Very helpful replies from both Andy & Glenn.
Converting some of my photos to black&white (monotone might be more correct) is something I’ve considered doing for some time now but have yet to find the time. The current experience came about as a result of digitizing (i.e., scanning) a very old and degraded monotone photo received from a friend. Without knowing any of the above thoughts it seemed fairly natural to choose the “grayscale” option for the scanner output. However, purely from a curiosity point of view I also produced an rgb version with the same scanner. As it turned out the rgb version came out as a very faithful representation of the degraded color of the photo whereas the grayscale version simply looked better (to me).
As it turns out browsers are NOT the only software to have difficulty with grayscale. Because of some difficulties encountered printing the result I wanted to use the more sophisticated software associated with my photo printer. However it is supplied as a plugin for software used to develop raw image files. That software was worse than RT in the sense that it couldn’t even open a grayscale file. I’ve had similar problems in the past with the same software failing to recognize multi-layer .tiff files. I used to solve that problem by using RT to read (import) the multi-layer files and write (export) a file that could be processed by the software used to invoke this printer plugin. As it happens RT was also similarly successful at solving this problem by producing a file (in rgb format) that could be processed with the plugin. I just happened to notice that it did this by converting to rgb and being ignorant of the above considerations thought it would be better to retain the grayscale format produced by my scanner if only because of the smaller size.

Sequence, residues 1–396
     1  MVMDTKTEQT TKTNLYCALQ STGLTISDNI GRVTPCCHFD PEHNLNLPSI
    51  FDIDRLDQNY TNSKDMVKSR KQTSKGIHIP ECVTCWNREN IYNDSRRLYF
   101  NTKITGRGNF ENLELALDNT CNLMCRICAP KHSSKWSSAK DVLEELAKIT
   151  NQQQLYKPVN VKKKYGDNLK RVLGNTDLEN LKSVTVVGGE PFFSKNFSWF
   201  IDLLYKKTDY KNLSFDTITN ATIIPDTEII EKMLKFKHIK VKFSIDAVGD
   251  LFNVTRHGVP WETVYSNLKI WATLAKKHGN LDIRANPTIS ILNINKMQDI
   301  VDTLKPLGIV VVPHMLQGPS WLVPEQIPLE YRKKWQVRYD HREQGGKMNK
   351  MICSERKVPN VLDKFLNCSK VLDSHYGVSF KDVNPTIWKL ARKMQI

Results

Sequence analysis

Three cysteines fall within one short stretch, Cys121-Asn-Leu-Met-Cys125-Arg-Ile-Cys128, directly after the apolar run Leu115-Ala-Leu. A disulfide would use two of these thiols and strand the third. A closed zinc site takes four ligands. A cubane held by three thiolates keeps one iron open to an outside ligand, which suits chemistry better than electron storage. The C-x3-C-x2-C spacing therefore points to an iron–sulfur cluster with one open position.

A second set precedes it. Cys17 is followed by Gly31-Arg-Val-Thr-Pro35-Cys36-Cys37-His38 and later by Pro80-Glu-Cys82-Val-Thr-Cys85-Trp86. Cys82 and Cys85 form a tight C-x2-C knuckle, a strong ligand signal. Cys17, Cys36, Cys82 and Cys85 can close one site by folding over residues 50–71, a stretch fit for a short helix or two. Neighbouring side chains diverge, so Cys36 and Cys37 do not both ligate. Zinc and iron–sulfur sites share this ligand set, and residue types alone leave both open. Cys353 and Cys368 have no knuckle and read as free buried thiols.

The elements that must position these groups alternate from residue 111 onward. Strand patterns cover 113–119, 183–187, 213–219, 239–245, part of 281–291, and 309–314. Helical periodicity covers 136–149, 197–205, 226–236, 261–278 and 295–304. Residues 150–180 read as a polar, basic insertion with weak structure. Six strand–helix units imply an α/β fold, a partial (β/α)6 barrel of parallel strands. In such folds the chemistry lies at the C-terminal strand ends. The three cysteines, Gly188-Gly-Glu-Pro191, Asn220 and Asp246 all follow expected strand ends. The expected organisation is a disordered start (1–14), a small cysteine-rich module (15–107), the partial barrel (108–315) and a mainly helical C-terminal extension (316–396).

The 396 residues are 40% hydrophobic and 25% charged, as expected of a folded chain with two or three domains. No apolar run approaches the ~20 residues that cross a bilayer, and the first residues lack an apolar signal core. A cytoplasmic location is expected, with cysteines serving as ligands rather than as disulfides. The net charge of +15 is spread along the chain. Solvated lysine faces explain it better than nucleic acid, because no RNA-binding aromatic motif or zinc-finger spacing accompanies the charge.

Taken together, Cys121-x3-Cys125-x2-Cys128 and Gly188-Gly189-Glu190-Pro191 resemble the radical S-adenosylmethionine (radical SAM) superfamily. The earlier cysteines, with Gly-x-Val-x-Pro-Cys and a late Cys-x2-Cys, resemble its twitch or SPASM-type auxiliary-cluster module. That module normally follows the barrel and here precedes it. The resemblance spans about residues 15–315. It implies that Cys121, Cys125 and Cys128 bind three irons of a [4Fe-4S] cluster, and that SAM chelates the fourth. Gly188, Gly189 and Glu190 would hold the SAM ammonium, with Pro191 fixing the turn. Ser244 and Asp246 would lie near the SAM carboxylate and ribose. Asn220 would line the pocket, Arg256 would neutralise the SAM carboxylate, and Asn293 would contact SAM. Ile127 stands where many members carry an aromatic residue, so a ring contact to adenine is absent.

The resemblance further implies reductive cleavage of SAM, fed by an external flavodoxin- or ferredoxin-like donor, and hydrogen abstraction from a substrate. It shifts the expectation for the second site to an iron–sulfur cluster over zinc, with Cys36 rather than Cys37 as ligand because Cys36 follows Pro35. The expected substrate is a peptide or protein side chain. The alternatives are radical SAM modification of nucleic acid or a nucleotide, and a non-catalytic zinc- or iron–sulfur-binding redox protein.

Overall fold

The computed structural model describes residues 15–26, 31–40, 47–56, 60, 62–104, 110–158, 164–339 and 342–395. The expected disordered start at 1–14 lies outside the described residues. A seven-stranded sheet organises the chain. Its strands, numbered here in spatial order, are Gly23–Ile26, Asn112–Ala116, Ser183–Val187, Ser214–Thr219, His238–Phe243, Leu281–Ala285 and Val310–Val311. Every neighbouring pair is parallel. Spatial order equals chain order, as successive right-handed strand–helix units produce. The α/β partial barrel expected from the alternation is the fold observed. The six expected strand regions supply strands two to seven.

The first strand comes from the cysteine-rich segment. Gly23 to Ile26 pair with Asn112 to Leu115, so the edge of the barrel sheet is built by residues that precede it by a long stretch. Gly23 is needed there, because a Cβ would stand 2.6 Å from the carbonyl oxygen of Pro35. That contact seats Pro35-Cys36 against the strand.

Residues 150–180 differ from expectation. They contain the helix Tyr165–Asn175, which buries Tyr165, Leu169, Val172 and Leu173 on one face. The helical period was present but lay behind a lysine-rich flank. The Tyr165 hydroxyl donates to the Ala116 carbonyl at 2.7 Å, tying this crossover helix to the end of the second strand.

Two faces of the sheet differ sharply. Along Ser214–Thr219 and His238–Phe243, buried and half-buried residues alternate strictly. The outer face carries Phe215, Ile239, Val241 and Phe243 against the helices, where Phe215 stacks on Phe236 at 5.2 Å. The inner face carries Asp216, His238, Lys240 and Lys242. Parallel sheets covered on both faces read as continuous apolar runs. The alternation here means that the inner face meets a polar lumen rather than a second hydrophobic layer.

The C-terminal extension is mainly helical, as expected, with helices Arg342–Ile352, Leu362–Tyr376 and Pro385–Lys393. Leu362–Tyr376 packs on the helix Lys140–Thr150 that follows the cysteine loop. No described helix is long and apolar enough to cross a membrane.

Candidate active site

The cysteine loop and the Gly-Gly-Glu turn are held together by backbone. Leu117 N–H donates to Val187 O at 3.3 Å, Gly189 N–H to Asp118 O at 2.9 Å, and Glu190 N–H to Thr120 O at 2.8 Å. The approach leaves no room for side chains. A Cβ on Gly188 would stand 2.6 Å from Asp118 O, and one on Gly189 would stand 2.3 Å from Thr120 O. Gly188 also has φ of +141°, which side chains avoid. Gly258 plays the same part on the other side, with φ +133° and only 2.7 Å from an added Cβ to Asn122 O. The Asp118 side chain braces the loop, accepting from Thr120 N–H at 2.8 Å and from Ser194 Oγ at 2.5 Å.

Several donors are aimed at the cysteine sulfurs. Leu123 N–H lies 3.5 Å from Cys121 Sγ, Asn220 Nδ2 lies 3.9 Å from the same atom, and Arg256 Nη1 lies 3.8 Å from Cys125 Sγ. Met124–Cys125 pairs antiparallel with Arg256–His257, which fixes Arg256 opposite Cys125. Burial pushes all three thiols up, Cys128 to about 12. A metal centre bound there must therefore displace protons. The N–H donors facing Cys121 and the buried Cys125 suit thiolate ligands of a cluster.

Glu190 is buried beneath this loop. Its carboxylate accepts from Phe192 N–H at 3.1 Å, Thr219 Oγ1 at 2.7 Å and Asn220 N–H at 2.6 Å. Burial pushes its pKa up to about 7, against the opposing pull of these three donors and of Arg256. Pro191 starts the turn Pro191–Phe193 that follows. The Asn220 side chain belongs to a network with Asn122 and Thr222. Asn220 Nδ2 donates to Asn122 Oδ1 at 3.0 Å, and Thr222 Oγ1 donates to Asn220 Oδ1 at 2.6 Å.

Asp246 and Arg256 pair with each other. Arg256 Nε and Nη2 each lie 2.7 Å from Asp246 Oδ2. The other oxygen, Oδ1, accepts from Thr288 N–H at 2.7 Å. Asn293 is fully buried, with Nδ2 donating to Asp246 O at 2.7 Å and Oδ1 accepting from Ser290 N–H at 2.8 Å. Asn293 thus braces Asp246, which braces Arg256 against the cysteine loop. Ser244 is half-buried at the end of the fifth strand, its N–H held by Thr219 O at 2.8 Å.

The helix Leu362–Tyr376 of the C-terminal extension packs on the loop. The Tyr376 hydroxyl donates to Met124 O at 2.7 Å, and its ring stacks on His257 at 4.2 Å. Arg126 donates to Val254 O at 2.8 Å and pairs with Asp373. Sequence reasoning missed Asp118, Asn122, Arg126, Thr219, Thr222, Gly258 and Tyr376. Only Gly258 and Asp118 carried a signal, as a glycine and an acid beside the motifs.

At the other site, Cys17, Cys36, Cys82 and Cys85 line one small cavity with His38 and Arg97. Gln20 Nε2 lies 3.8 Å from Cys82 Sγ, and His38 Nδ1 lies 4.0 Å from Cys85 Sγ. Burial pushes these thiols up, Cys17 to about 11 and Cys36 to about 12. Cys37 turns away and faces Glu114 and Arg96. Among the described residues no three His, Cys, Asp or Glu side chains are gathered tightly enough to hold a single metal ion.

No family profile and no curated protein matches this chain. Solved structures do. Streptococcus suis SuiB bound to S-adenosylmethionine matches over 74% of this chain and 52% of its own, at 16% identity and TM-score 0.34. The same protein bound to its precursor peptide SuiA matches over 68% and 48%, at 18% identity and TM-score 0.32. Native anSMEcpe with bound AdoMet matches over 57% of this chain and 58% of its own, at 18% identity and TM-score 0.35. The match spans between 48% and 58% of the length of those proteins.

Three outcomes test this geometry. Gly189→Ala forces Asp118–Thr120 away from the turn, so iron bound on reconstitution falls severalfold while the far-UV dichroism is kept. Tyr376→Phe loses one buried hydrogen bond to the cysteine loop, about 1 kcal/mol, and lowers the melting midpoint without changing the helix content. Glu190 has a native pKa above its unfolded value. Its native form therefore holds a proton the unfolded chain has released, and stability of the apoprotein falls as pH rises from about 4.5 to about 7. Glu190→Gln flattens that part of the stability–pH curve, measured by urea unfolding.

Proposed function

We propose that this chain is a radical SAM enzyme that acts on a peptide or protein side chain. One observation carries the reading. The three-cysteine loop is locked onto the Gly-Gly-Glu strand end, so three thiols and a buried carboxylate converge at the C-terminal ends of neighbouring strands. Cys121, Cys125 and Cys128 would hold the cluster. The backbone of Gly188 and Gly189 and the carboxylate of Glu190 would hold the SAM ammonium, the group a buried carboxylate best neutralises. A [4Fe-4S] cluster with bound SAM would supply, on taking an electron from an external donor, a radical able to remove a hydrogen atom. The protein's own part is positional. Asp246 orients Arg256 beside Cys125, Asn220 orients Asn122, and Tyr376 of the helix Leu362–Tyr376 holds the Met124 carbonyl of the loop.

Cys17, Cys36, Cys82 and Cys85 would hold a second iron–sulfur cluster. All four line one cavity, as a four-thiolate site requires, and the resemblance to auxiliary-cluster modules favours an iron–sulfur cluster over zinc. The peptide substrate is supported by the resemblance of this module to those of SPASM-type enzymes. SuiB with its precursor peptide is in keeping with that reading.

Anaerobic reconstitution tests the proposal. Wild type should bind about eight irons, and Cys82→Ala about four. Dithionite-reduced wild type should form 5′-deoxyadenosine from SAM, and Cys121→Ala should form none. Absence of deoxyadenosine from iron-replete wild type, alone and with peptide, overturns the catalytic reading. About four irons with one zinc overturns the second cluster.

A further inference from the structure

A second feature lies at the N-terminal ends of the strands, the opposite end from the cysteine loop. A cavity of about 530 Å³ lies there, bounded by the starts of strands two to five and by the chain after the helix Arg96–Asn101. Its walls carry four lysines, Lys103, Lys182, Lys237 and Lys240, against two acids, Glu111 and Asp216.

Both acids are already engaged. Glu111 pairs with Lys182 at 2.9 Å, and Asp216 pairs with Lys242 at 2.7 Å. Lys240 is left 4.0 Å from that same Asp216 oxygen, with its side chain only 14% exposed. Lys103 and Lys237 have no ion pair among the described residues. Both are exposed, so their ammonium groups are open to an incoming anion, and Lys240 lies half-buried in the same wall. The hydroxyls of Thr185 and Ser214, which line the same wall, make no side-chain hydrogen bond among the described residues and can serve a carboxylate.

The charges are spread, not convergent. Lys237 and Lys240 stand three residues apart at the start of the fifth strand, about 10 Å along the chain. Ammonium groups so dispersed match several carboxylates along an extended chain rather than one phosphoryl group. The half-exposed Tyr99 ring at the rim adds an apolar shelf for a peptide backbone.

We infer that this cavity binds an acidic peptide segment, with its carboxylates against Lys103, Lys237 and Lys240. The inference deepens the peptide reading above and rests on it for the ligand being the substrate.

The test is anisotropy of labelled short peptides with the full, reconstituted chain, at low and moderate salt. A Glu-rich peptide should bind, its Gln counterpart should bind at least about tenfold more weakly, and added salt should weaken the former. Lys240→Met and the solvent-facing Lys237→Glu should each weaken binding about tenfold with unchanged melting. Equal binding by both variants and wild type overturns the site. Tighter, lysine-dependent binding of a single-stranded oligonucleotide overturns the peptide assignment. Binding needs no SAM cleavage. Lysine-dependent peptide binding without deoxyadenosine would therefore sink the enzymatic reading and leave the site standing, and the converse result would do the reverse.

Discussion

The above pretty well explains why I should want rgb format when it comes to working on my photos and I now pretty well understand why this software (e.g., RT and others) that is primarily intended for developing photographs has NO need to produce grayscale files.
Thanks for the enlightenment.